Protect Your Plant -- State Machines
Posted January 12 2022, 10:10 PM
State Machines are lovely.
That wasn't supposed to be a revelation, considering that I've been in tech for like seven years now, but Protect Your Plant is actually the first time I've built real state machines to solve a problem I personally cared about, and man, they are a lot better than the jumble of code I was using before!
Oh there were plenty of things in the game that tracked their state in one way or another. State adjacent. I was in the vicinity of state machines. But once you're trying to make AI path around, follow routines, and adjust their behavior based on their surroundings, it's time to stop trying to kludge your way through problems ("Why are you moving and sleeping at the same time cat!?") and learn something new.
At this point, I've used them to make a cat, squirrels, and rabbits, who I believe take the dubious honor of being the first true enemies in the game. (If you sit still too long while a bunny can see you, it will decide your plant looks tasty, path towards you, and start nibbling on it. All you have to do to make them stop or prevent the attack is move, and you'll startle them into running away, but if that's not gameplay then I know even less about what I'm doing than I think I do.)
I'm now starting to think about making humans, and the range of additional behaviors I can simulate, the routines I can apply, and the freedom this set of tools provides. Previously I'd only set up my friendly AIs on tracks, using carefully planned schedules and timers to path them to different points and change their animations. Each one was a tiny clockwork automoton. Now I can just give them a set of times and locations and activities to perform at those locations and let them get to it. I can tell them what to interact with, and if it crosses their path, they'll do it without me carefully planning and choreographing it for them.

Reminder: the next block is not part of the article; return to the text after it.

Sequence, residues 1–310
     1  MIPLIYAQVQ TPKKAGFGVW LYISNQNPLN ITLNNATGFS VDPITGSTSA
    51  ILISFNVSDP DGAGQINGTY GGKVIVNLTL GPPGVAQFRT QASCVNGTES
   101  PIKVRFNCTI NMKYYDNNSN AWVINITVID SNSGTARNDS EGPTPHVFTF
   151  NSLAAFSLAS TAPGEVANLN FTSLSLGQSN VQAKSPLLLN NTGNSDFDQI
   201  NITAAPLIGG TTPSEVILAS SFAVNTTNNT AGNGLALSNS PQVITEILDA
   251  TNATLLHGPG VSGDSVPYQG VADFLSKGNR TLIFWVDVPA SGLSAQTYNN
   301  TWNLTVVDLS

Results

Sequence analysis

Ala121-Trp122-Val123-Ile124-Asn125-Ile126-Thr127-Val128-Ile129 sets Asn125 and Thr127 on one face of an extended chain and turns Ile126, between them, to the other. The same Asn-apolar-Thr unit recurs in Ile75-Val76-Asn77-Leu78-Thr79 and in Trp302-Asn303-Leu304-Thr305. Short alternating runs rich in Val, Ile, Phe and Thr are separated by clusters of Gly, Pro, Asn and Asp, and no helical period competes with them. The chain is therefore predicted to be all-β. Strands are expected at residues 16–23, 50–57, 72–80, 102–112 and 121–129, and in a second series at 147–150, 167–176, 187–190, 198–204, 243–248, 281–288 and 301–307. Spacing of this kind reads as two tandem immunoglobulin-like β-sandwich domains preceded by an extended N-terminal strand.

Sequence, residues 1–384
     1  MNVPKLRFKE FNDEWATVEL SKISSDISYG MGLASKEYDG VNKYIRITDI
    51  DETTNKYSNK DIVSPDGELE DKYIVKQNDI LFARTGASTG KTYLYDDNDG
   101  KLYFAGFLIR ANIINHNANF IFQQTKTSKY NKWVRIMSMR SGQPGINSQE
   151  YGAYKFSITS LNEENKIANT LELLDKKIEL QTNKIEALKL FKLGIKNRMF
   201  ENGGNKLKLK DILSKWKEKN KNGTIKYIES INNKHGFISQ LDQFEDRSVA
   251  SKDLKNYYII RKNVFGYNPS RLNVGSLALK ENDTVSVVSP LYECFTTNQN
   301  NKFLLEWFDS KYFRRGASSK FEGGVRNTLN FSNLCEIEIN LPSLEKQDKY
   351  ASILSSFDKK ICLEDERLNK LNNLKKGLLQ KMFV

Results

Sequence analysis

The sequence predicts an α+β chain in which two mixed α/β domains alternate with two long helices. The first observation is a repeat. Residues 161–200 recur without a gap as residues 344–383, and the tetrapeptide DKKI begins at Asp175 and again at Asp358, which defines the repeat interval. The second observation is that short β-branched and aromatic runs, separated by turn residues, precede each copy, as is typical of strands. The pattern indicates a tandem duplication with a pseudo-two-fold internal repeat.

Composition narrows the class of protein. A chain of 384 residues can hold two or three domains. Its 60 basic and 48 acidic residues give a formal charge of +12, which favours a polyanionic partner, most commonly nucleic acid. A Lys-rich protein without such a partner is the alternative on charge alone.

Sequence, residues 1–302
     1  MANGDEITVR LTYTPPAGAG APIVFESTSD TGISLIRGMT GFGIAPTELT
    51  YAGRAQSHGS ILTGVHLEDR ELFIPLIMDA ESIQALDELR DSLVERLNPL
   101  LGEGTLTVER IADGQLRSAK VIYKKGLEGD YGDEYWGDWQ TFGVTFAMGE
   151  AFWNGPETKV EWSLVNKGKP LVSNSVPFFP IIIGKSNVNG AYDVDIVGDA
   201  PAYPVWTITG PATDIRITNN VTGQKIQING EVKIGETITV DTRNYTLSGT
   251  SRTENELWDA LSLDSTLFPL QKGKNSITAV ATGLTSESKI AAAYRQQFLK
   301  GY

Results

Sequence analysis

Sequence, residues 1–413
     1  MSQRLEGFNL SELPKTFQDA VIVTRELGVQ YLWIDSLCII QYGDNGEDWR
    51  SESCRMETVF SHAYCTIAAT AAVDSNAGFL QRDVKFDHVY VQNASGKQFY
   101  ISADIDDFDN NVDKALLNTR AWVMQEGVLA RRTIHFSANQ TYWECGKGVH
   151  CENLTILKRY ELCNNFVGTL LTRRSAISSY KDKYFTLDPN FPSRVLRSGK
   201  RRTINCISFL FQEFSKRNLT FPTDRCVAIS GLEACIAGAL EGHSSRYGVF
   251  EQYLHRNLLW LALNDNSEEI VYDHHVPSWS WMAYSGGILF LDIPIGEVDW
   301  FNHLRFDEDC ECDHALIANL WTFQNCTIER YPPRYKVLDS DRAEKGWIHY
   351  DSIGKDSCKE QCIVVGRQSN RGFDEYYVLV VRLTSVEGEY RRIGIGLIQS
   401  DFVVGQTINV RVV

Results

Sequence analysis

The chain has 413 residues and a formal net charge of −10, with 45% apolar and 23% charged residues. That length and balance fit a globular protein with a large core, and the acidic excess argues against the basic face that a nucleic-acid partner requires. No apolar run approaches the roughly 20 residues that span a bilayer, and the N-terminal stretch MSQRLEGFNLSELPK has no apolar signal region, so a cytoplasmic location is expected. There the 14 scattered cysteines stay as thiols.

State Machines are good, is what I'm saying.
The above was a note from after I finished fixing the rabbit code. I'd had a bunch of revelations at that point, as I'd done many things wrong, and had gotten especially tangled in Godot's editor for awhile, but that is unfortunately far enough back in the past that I don't remember it well enough to document here. I do plan to start using this blog to document the tech side of things, hurdles and setbacks, in addition to the milestones for the game I've been recording.
Video of the critters to follow.